A statistical combination of several searches for the electroweak production of charginos and neutralinos is presented. All searches use proton-proton collision data at s=13 TeV, recorded with the CMS detector at the LHC in 2016 and corresponding to an integrated luminosity of 35.9 fb−1. In addition to the combination of previous searches, a targeted analysis requiring three or more charged leptons (electrons or muons) is presented, focusing on the challenging scenario in which the difference in mass between the two least massive neutralinos is approximately equal to the mass of the Z boson. The results are interpreted in simplified models of chargino-neutralino or neutralino pair production. For chargino-neutralino production, in the case when the lightest neutralino is massless, the combination yields an observed (expected) limit at the 95% confidence level on the chargino mass of up to 650 (570) GeV, improving upon the individual analysis limits by up to 40 GeV. If the mass difference between the two least massive neutralinos is approximately equal to the mass of the Z boson in the chargino-neutralino model, the targeted search requiring three or more leptons obtains observed and expected exclusion limits of around 225 GeV on the second neutralino mass and 125 GeV on the lightest neutralino mass, improving the observed limit by about 60 GeV in both masses compared to the previous CMS result. In the neutralino pair production model, the combined observed (expected) exclusion limit on the neutralino mass extends up to 650–750 (550–750) GeV, depending on the branching fraction assumed. This extends the observed exclusion achieved in the individual analyses by up to 200 GeV. The combined result additionally excludes some intermediate gaps in the mass coverage of the individual analyses.[Figure not available: see fulltext.]
Bibliographical noteFunding Information:
Open Access, Copyright CERN, for the benefit of the CMS Collaboration. Article funded by SCOAP3.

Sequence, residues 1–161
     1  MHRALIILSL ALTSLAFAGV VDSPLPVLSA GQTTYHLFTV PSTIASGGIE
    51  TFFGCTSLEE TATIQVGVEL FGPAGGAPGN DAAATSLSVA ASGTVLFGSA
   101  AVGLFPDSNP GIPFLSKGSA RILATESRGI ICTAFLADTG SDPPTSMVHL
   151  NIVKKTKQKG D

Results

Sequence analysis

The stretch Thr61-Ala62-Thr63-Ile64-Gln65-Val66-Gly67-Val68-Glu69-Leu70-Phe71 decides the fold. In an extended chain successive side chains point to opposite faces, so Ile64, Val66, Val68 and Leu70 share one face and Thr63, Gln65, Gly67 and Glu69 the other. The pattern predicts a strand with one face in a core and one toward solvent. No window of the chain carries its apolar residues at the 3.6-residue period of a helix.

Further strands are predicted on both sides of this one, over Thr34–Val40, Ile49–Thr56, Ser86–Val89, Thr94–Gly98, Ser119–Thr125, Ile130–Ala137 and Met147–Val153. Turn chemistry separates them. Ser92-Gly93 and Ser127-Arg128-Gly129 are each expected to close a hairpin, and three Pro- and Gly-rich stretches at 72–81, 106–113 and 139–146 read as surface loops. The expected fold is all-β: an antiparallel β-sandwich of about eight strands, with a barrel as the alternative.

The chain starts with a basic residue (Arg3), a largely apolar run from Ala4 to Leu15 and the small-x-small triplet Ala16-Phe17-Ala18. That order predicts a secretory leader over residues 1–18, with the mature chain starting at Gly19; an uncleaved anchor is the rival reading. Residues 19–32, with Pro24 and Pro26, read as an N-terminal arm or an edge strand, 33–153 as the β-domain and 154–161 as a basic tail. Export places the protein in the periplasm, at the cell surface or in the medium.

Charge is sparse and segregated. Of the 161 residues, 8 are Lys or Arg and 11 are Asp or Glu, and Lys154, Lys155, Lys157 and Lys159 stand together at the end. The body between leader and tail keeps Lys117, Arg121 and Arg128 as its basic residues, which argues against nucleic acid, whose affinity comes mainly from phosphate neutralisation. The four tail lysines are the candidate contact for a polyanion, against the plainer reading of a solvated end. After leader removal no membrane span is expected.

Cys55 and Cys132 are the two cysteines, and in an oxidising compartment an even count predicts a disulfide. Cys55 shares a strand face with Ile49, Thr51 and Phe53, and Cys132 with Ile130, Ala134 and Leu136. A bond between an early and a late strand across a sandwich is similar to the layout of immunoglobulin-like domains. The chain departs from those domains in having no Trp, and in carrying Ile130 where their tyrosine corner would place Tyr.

We congratulate our colleagues in the CERN accelerator departments for the excellent performance of the LHC and thank the technical and administrative staffs at CERN and at other CMS institutes for their contributions to the success of the CMS effort. In addition, we gratefully acknowledge the computing centers and personnel of the Worldwide LHC Computing Grid for delivering so effectively the computing infrastructure essential to our analyses. Finally, we acknowledge the enduring support for the construction and operation of the LHC and the CMS detector provided by the following funding agencies: BMWFW and FWF (Austria); FNRS and FWO (Belgium); CNPq, CAPES, FAPERJ,
and FAPESP (Brazil); MES (Bulgaria); CERN; CAS, MoST, and NSFC (China); COL-CIENCIAS (Colombia); MSES and CSF (Croatia); RPF (Cyprus); SENESCYT (Ecuador); MoER, ERC IUT, and ERDF (Estonia); Academy of Finland, MEC, and HIP (Finland); CEA and CNRS/IN2P3 (France); BMBF, DFG, and HGF (Germany); GSRT (Greece); OTKA and NIH (Hungary); DAE and DST (India); IPM (Iran); SFI (Ireland); INFN (Italy); MSIP and NRF (Republic of Korea); LAS (Lithuania); MOE and UM (Malaysia); BUAP, CINVESTAV, CONACYT, LNS, SEP, and UASLP-FAI (Mexico); MBIE (New Zealand); PAEC (Pakistan); MSHE and NSC (Poland); FCT (Portugal); JINR (Dubna); MON, RosAtom, RAS, RFBR and RAEP (Russia); MESTD (Serbia); SEIDI, CPAN, PCTI and FEDER (Spain); Swiss Funding Agencies (Switzerland); MST (Taipei); ThEPCenter, IPST, STAR, and NSTDA (Thailand); TUBITAK and TAEK (Turkey); NASU and SFFR (Ukraine); STFC (United Kingdom); DOE and NSF (USA).
© 2018, The Author(s).
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